Effective & efficient tank-mixing
Tank-mixing products can help create efficiencies for your spray applications. When done appropriately, tank-mixing can reduce labour and equipment cost, and save time and energy.
However, chemicals have the potential to react with other substances. They can change the characteristics of the carrier water, and they can positively and negatively change the efficacy of products in the mix. It is very important to test the compatibility of products before mixing them, and avoid any combination that could prove phytotoxic to delicate turf plants.
There are a lot of variables to consider. Always check your product labels thoroughly, and conduct a physical compatibility test for all new tank-mix combinations. If in any doubt, contact the manufacturer for more detailed advice.
Potential positive effects of tank-mixing
- Broaden the target spectrum: tank-mixtures can help you to control multiple problems with less applications.
- Improve resistance: mixing products with different modes of action can help lessen the chance your application will lead to disease, insecticide or herbicide resistance.
- You could achieve enhancement in your mix: when the mixed products deliver an improvement, compared to applying the product on its own. For example using an adjuvant like Agral for improved weed or mite control.
- You could achieve synergism in your mix: when the mixed products combine and interact to produce more effective results than if they were applied separately. More pronounced effects often occur when combinations of products include complimentary modes of action, like Medallion Group 12 and Posterity Group 7.
Potential negative effects of tank-mixing
- Chemical incompatibility, or antagonism: the opposite of synergism. When the mixed products combine and interact to produce less effective results than if they were applied separately. In addition to poor performance, an increase in plant phytotoxicity may occur.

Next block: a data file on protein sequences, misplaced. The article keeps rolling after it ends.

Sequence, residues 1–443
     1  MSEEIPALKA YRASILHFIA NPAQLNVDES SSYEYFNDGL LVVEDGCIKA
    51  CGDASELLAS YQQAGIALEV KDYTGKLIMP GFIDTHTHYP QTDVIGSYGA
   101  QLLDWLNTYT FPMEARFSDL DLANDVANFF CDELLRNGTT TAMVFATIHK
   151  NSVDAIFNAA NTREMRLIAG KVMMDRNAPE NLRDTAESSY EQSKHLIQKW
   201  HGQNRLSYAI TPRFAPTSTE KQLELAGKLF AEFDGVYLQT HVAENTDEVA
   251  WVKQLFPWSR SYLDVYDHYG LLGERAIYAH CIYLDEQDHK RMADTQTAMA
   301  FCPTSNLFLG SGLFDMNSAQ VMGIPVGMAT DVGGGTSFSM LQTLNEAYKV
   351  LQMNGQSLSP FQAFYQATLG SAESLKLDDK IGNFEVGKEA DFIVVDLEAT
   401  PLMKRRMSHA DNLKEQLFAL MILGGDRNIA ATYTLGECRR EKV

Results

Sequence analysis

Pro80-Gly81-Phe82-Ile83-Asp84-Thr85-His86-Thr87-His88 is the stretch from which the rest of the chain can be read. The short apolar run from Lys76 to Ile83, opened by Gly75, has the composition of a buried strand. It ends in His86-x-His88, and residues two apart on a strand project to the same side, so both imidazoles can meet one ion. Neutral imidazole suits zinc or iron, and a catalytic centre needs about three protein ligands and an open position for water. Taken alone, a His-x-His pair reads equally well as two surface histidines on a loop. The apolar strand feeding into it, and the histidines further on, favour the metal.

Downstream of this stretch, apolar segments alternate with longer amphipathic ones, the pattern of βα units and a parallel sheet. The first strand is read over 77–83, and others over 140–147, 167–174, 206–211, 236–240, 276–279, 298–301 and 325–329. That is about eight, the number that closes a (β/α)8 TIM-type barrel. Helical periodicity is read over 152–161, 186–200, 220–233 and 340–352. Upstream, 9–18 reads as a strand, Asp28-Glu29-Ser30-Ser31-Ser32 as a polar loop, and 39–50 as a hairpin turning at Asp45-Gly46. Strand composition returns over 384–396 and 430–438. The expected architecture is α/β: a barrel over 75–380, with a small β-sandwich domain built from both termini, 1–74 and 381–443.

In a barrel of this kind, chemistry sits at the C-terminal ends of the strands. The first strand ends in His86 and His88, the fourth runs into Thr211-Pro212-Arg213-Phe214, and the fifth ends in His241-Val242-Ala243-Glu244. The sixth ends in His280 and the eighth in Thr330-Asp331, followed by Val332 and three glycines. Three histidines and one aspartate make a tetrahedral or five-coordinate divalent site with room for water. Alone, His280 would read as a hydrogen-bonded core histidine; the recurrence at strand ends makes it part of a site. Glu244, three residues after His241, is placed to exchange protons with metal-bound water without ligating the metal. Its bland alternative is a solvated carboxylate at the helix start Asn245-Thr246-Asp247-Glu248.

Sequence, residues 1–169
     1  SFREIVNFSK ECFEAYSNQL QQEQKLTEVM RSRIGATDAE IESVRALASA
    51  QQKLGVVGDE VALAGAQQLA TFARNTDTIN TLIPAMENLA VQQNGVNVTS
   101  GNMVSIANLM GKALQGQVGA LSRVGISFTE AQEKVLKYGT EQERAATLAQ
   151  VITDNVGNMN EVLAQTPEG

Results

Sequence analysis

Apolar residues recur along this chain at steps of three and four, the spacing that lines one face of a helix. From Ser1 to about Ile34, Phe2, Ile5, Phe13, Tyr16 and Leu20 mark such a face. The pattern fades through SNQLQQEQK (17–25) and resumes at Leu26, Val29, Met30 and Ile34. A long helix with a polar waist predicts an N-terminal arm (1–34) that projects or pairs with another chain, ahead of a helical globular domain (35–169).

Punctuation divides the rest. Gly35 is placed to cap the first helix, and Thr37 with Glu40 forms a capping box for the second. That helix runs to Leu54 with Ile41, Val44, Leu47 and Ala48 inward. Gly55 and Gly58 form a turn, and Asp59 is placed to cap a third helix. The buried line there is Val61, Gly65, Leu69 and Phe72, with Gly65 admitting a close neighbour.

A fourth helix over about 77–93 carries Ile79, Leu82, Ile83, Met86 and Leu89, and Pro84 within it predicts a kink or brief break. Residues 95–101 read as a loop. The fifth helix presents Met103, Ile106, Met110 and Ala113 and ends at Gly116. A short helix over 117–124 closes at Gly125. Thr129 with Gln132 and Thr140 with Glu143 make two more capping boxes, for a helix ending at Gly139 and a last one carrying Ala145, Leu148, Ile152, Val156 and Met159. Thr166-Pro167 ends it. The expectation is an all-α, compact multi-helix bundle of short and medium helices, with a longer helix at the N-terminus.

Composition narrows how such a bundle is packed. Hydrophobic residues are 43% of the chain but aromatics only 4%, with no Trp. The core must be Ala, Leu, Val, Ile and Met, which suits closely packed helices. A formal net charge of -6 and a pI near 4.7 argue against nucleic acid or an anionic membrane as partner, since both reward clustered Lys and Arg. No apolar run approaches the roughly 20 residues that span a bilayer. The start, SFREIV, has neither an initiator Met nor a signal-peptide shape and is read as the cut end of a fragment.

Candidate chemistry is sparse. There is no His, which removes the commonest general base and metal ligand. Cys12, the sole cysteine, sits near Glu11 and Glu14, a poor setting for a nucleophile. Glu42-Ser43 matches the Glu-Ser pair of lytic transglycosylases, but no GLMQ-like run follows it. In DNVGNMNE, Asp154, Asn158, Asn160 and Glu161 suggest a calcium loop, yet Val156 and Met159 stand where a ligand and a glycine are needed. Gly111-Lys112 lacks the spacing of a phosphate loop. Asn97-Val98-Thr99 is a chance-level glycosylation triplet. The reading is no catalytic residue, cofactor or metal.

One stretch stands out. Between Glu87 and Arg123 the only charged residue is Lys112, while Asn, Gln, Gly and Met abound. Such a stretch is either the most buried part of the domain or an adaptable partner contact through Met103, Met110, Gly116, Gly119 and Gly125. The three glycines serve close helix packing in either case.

- Physical incompatibility: is the inability of your chosen products to combine together in a tank-mix. Can be caused by several factors, including improper mixing sequence, inadequate agitation, inadequate water carrier volume, poor water quality, or lack of stable emulsifiers in some emulsifiable concentrates, or even reaction between products. Common results are the development of flocculants, separation, curdling, gelling, or becoming sludge-like.
- Increased resistance: it is important to rotate your modes of action with tank-mixes as well as with single products. If the same product combination is used repeatedly over a long period of time, there is the potential for resistance to build up, the same as if you use any single product repeatedly over time. This is more likely to occur when the actives in the tank-mix have the same mode of action (i.e. are the same chemical group). However resistance can also occur when using different groups in a tank-mix, if they are used frequently.
To reduce the potential negative impacts of tank mixing we can conduct a simple physical compatibility test, or ‘jar test’ to determine physical incompatibilities. Remember, it is still possible for some mixtures to be chemically incompatible, i.e. efficacy impacted, despite no physical evidence of mixing problems and if you need advice, talk to your local Syngenta representative.
In addition to compatibility testing, it is important to follow the formulation type mixing sequence to form a homogenous tank mix for spraying. If this order is not detailed on the label instructions, the rule is to follow wwwWALES:
Things to consider for best results when applying products
One of several things to consider is the recommended product placement; leaf, crown, thatch, soil. If the tank-mix you’ve put together has products that are applied to the same zone, for example they are both leaf/crown-absorbed, then they make a good choice to mix together. However, if one product is leaf-absorbed and the other root-absorbed, then there will be a loss of efficacy for at least one, if not both, of the products. You cannot spray the tank-mix on both the leaf and the soil without affecting the level of efficacy in each area. Your application should be targeted to the location of your pest, weed or disease for best outcomes and best efficacy.